Thursday, October 05, 2006

Modern Times

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Bob Dylan: then and now.


Modern Times

A friend gave me a CD a couple of weeks ago on the occasion of my sixteenth annual thirty-ninth birthday*. I had to try to conceal my disappointment when I unwrapped it. Bob Dylan... great. Truth be told I have never liked Bob Dylan very much. Years ago I formed an opinion of him as a nancy-pants pretty boy folk rocker who wrote annoying songs he couldn't be bothered to sing, instead standing at the microphone and alternately shouting, as if the whole world is deaf, and sawing away at his damned harmonica. For thirty years I have pretty much gone with that impression. Every now and then I would hear someone else sing one of his songs and I would like it well enough but that did little to change my impression of Dylan as a performer. Friends would try to tell me that he was somehow a great poet but the lyrics they quoted always sounded like the unpaid-for angst of a city-boy folk singer holding forth on hard times he had only heard about third hand.

So, imagine my surprise when I popped Modern Times in the player in my car and was hooked on it after about twenty seconds of the first song. The album varies a bit in style -- mostly blues and western but with Hawaiian, folk and crooner elements thrown in -- and all the elements in the mix are rooted in the thirties and forties. Aside from that heavy-retro aspect the other thing that all the various numbers have in common is that none of them sound like the Bob Dylan that I don't like. It's a fabulous album and it has been the soundtrack of my daily commute ever since.

I have hesitated in writing this review while I worried that despite the fact that I liked the album musically there might be some sort of a gotcha in the lyrics that would make a full endorsement embarrassing -- Bob Dylan is often referred to as the voice of my generation and my generation often seems to consist mostly of idiots. So I have (quite enjoyably) listened to the album several times and have read the lyrics on the web and tracked down some of the obscure references and am finally able to say that the songs are pretty much what they appear to be -- songs about love and loss, anger, disillusionment and the hope of redemption.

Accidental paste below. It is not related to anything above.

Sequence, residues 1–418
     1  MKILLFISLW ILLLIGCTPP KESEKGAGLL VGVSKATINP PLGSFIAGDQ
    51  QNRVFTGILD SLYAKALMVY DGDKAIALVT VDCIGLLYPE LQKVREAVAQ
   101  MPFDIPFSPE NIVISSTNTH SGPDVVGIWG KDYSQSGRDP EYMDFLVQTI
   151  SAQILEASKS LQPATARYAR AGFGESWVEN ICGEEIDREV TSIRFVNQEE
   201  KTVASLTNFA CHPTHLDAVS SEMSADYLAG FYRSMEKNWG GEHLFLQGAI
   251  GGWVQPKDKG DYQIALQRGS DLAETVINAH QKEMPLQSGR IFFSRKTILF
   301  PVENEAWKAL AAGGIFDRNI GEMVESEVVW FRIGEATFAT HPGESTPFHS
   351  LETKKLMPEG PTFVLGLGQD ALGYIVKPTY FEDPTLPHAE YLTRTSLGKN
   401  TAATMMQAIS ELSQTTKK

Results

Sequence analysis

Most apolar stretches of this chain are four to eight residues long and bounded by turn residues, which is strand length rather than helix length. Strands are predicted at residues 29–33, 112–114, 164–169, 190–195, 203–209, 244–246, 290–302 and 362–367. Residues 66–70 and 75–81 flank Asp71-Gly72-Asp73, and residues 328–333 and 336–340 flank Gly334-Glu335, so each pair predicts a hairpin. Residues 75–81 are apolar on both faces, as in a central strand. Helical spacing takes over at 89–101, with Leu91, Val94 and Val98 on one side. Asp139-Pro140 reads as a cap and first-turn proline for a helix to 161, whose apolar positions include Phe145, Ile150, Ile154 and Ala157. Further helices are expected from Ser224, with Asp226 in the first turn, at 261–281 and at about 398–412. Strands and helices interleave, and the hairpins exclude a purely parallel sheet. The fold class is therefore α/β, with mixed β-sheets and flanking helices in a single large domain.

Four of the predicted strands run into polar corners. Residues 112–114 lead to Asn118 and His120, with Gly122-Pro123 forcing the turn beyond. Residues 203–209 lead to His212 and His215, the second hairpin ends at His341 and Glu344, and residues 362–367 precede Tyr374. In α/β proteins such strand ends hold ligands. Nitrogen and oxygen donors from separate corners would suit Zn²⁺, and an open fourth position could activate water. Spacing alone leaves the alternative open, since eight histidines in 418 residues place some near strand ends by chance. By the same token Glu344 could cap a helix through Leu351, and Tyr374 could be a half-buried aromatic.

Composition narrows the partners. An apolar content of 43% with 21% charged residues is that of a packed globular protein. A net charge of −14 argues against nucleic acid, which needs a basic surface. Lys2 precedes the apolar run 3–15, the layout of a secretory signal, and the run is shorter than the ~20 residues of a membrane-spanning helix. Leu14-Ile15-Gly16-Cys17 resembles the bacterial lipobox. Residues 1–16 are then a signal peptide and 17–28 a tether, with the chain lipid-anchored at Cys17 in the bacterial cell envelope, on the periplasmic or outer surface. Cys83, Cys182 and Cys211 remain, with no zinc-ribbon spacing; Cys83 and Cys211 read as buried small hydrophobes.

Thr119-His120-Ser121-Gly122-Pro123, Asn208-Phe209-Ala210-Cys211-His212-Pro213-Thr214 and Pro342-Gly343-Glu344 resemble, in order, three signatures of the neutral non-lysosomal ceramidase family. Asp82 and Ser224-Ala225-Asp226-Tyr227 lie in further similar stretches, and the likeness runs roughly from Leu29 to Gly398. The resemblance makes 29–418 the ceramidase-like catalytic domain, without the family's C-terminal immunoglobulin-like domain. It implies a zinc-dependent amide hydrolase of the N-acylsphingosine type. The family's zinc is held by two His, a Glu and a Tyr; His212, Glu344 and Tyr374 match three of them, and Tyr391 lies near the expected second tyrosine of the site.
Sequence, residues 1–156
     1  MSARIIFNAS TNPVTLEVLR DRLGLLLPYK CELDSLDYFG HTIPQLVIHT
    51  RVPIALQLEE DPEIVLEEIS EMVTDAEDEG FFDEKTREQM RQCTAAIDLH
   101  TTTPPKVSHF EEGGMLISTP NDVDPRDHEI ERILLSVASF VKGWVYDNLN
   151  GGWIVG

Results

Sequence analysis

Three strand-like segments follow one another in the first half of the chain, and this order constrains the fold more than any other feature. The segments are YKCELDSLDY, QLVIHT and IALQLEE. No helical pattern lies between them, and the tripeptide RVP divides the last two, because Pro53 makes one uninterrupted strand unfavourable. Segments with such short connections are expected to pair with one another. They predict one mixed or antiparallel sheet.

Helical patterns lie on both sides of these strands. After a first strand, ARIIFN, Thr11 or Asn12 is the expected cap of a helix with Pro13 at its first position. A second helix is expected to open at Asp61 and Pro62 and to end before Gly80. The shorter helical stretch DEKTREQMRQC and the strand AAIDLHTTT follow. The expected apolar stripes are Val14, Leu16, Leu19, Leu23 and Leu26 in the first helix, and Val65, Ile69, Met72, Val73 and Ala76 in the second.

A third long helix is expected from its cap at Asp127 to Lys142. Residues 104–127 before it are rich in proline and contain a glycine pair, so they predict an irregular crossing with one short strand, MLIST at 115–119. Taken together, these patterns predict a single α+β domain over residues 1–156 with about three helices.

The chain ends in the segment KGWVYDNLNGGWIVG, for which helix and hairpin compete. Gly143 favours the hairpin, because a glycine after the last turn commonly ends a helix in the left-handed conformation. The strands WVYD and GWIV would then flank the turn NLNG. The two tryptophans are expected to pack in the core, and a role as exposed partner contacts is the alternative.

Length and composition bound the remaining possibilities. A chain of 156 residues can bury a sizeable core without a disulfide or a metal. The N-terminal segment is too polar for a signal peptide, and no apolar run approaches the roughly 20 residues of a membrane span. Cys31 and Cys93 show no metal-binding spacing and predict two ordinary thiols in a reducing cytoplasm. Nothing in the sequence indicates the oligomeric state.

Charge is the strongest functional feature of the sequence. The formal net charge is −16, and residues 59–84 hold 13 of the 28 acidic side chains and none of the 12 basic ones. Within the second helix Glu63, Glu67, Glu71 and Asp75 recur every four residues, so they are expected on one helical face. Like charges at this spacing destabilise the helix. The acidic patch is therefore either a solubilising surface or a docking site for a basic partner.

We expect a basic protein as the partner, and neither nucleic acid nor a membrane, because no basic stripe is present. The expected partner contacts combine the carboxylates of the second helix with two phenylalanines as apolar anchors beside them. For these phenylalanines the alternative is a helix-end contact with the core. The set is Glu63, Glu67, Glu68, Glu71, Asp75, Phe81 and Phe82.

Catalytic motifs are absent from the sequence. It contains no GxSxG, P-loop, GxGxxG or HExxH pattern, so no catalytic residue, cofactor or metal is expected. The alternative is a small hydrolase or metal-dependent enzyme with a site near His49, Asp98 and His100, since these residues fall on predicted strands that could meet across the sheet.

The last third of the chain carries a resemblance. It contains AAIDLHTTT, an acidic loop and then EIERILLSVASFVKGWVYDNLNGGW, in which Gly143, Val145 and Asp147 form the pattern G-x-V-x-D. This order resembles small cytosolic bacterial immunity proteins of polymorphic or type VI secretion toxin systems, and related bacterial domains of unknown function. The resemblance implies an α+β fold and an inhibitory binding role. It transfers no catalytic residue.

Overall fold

This is not to say that the album doesn't touch on politically-charged current events. It does so repeatedly. The flooding in New Orleans is never mentioned but is alluded to continually in lines that link trouble to rising water, most particularly in The Levee's Gonna Break
If it keep on rainin', the levee gonna break
If it keep on rainin', the levee gonna break
Everybody saying this is a day only the Lord could make

Well, I worked on the levee, Mama, both night and day
I worked on the levee, Mama, both night and day
I got to the river and I threw my clothes away

I paid my time and now I'm good as new,
I paid my time and now I'm as good as new.
They can't take me back unless I want 'em to

If it keep on rainin', the levee gonna break
If it keep on rainin', the levee gonna break
Some of these people gonna strip you of all they can take
...
I picked you up from the gutter and this is the thanks I get
I picked you up from the gutter and this is the thanks I get
You say you want me to quit ya, I told ya, 'No, not just yet.'
...
When I'm with you, I forget I was ever blue
When I'm with you, I forget I was ever blue
Without you there's no meaning in anything I do
...
Put on your cat clothes, mama, put on your evening dress
Put on your cat clothes, mama, put on your evening dress
Few more years of hard work, then there'll be a 1,000 years of happiness
...